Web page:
I did *not* say that. I said that DH's version of the Cobb-Douglas Production function (and the Solow growth accounting approach that is based on it) assumes that what factors are paid indicates what they contribute to production.

In his model, the coefficients on each factor are weights equal to the empirical or hypothetical share of GDP going to each, on the assumption that there is perfect competition in all markets (including land) such that factor payments (the wage rate, the interest rate, the rent rate) equals the marginal product of each factor. If this is so, the total GDP is just exhausted ("Euler's theorem") by factor payments equal to their marginal products times the number of units of labour, capital and land. It assumes constant returns to scale, but diminishing marginal products to each factor separately.

I went on to say that because land is in fixed supply land cannot explain the increase (or decrease) in GDP. I said nothing about land not contributing to productivity in the sense that the more abundant it is the greater the opportunity for labour and capital (and entrepreneurship and innovating) to yield greater output. Farmers in a fertile country will obviously produce more than farmers in a desert. But in that fertile country, if GDP is 10 percent greater today than last year, is it because of the contribution of land or because labour, capital and innovators are working harder or more efficiently? And if you note that land rents increase, is that because land is working harder?

The rest of DH's message (below) proves he is wrong to use weights based on income shares to demonstrate the sources of growth. (He emphasises innovation.) The problem with his approach (similar to all neo-classical growth accounting exercises) is that it assumes that what may be true for the individual (eg that rent is a cost) is also true for the society (for which rent is not a cost but a surplus). It fuses micreconomics with macroeconomics and thus commits the egregious fallacy of composition of neo-classical economics.

Note too, that as growth occurs and GDP increases, the size of the market increases. Read Adam Smith's Wealth of Nations, chs 1-3 on the effect of the size of the market on the opportunity to increase the division of labour and thereby labour's productivity. (Or read Henry George on the same subject -- I don't have the reference to hand, but there is that wonderful illustration from ship-building.)

Thus, once again, yes it may be true that if an individual firm increases its production via an exact replication of existing production methods and factor use it can ignore the effect this has on the size of the market (hence on returns to scale). But no, this is not true when we are looking at the growth of the economy as a whole (as with your Cobb-Douglas aggregate production function). Your example of two contiguous open economies merging into one political unit is irrelevant to my point here. That is a static economic example. Dynamise your economy (i.e., be relevant to the issue at hand) and you destroy your case.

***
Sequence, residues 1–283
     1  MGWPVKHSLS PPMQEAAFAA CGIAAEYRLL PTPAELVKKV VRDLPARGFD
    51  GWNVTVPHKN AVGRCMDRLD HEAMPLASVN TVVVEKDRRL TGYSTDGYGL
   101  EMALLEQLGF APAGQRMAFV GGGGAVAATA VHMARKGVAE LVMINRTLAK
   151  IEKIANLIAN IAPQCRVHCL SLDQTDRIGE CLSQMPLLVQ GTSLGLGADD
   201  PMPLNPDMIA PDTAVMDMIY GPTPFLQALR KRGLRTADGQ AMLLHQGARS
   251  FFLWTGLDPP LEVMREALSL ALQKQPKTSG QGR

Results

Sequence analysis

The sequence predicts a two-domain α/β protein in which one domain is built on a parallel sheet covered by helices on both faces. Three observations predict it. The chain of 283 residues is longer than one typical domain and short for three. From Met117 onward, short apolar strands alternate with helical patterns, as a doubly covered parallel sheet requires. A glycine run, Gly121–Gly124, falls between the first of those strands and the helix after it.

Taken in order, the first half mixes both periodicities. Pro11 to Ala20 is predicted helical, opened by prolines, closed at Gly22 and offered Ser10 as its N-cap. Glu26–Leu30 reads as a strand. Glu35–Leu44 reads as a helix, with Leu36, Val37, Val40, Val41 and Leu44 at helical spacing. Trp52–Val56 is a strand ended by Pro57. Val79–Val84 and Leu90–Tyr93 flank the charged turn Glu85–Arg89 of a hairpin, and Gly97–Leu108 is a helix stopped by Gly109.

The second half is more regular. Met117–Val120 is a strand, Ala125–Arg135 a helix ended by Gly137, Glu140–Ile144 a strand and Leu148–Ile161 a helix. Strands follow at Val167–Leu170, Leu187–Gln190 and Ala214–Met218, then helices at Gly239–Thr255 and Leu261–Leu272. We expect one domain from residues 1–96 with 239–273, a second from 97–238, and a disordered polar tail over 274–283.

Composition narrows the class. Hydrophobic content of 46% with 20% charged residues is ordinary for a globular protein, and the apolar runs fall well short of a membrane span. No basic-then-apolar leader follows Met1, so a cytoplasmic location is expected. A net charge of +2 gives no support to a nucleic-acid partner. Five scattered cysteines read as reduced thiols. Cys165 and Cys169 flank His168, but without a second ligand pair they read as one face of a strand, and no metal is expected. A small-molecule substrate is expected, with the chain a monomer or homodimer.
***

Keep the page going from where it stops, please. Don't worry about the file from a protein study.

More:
You almost concede this; but say that the increase in productivity when the market expands is due to technical progress rather than to increasing returns. The point, anyway, is that distribution has only a tenuous relation to "productivity". It is a matter of supply and demand at the aggregate level. The supply of land is fixed. Demand for it grows with the growth of population and economic activity, but this increase in demand for land may be offset to a greater or lesser degree by land-saving innovations (and is also affected by the tax system in place!!). (Innovations can also be land-using, in which case rents go up faster. The GDP has grown because of the innovation, however, not because of the increased supply of land.)

In short, the result is a rise or fall in the underlying share of GDP that is captured by land, and this has little or nothing to do with what land has contributed to the growth of GDP.

Fred Foldvary:

On Sat, 23 Oct 1999, David Hillary wrote:

The second is a technical response to the claim that technological progress benefits land disproportionately. If the Cobb-Douglas production function of the form Y=t*K^a*L^b*N^(1-a-b) is used and technological progress doubles t, this doubles the marginal productivity of all factors and hence their incomes and total output.

This is so if there is no depreciation. Given the depreciation of capital goods, the net effect of techology that doubles gross output is to increase net (after-depreciation) output by less. The depreciation reduces wages but not rent, since workers must continuously buy tools from their gross income. The gross income doubles, but the net income does not.